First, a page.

Stephanie Rhodes (BSN '98) will always remember one particular woman she assisted through labor at the Johns Hopkins Bayview Medical Center. From early evening until morning, Rhodes listened while the woman told her tragic life's story--of miscarrying twice and giving birth to a child with severe heart problems who died in infancy. She was now using heroin and cocaine, and three days earlier had learned that she was HIV-positive. The woman did not even have a friend or relative who could accompany her to the hospital.

"It was a pretty intense experience," says Rhodes. "I mostly listened and cried. She had a very, very sad story."

Rhodes was learning to be a doula, or birth companion, and was among the first students to take a birth companion training course at Hopkins's School of Nursing. She is now training to be a nurse-midwife at Georgetown University.

A role performed in many cultures by a mother, aunt, or other relative, the doula accompanies a woman throughout labor and delivery and even helps her in the weeks before or after her child's birth. While the use of doulas has been increasing nationwide, Hopkins is the first school to offer an undergraduate birth companion course. Roughly 20 nursing students take the course each semester.

"There was a time a century ago when birth took place at home," says Michele Oseroff, a certified doula and registered nurse who teaches the Hopkins class and directs doula services for Helix Health Systems in Baltimore. Today, expectant mothers can live a continent away from their families. While a midwife may perform some of the same duties as a doula, her primary goal is to deliver the baby. In contrast, says Oseroff, "the doula recognizes that Mom needs to be taken care of."

Hopkins student doulas recruit clients from populations that are likely to need companionship most. They distribute brochures advertising the free services in neighborhood health clinics, schools for unwed mothers, and drug and alcohol treatment centers in and around East Baltimore. Many of their patients are in dire need of accurate information about childbirth and infant care. Rhodes has attended to pregnant teens who did not understand that sex leads to pregnancy.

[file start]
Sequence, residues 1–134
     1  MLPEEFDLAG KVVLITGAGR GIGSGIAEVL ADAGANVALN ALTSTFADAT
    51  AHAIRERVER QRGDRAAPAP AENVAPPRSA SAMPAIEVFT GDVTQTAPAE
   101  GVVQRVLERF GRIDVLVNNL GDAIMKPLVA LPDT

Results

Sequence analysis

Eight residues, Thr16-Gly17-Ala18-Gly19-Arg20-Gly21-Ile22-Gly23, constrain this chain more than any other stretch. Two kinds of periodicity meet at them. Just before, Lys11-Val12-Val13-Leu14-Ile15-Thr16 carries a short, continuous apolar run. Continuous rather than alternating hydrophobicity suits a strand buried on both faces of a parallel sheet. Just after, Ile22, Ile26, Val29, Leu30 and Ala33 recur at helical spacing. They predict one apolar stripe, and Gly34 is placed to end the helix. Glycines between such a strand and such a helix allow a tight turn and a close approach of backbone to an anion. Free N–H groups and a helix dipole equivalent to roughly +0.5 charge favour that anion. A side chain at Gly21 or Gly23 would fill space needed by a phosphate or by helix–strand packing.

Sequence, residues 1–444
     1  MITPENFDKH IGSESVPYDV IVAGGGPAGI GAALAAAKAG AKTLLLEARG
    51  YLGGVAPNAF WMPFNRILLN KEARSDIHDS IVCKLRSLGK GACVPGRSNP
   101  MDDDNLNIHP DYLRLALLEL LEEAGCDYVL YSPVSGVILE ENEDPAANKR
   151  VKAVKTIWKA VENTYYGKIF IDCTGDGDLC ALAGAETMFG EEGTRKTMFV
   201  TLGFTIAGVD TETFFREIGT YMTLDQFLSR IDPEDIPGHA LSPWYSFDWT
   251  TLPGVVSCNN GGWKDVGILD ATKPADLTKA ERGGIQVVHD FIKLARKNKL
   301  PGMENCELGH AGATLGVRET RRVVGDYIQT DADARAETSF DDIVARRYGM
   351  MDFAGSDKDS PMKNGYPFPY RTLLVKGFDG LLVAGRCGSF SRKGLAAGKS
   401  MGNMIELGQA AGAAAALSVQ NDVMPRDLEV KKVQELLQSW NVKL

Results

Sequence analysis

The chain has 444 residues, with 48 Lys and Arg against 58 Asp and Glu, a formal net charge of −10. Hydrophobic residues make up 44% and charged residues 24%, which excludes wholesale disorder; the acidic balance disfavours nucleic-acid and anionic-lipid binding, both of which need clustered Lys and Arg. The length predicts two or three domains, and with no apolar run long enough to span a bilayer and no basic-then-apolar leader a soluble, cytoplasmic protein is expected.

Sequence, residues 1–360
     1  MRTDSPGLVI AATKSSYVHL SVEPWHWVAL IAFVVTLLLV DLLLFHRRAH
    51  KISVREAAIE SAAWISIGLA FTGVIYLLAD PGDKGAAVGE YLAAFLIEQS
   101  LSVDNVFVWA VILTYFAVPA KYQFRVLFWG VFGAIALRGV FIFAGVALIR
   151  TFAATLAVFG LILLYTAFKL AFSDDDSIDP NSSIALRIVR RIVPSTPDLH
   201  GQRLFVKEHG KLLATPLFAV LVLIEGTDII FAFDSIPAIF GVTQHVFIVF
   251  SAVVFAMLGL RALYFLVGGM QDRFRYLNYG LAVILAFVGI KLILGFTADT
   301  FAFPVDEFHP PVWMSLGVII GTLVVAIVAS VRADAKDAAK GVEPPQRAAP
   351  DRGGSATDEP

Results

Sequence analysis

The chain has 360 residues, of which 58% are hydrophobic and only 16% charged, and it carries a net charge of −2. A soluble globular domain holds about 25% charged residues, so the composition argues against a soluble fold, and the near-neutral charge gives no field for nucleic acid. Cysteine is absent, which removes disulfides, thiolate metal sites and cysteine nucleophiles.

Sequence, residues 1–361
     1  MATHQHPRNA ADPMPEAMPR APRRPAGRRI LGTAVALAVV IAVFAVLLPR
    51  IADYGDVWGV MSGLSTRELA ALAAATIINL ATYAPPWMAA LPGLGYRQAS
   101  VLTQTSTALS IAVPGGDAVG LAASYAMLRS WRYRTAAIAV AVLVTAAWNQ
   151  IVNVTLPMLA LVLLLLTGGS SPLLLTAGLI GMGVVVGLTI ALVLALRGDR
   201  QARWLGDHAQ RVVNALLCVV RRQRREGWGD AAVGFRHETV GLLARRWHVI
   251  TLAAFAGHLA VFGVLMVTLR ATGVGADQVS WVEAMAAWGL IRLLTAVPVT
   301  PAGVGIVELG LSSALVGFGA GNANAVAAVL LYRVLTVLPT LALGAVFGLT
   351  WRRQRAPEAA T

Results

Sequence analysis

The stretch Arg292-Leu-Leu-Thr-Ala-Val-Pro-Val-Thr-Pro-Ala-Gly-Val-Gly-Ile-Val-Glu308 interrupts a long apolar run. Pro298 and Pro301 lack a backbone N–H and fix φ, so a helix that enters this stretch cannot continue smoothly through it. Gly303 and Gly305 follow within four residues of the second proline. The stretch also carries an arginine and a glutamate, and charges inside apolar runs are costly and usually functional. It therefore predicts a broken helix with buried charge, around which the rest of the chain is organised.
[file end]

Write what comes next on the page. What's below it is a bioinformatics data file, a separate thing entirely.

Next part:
Hopkins also offers a birth companion to any woman who requests one, and women from a wide variety of backgrounds have been calling. The program has a large following among orthodox Jewish women. Orthodox Jewish practices prohibit a man from touching his wife during advanced labor and childbirth.

Student doulas make at least one prenatal home visit, during which they talk to their client about birthing options and parenting. Many students also accompany their clients to prenatal classes. They then are with the client during labor and delivery, coaching her in proper breathing techniques, massaging her back, or simply listening.

After the birth, the students visit the mother in her home to be sure she has made arrangements for pediatric care for her child and to talk to her about her birth experience.

Illustration by Kevin O'Malley
Forgettable sex

You've heard about being blinded by love--but what about being rendered amnesic? In the November 7 The Lancet, two Hopkins hematologists report that bearing down hard, the way some people do when they deliver a baby, move their bowels, or have intercourse, can produce six to 12 hours of "transient global amnesia"--the inability to form new memories.

Chi Van Dang and Lawrence Gardner reported the cases of two elderly men, ages 72 and 75, whose wives took them to the emergency room about 30 minutes after having sex. Both men were seriously confused, though fully conscious. The physicians concluded that the act of bearing down, combined with typical activation of the sympathetic nervous system during sex, created intense pressure in the brain's blood vessels; the pressure temporarily cut off blood flow to the central part of the brain, causing amnesia.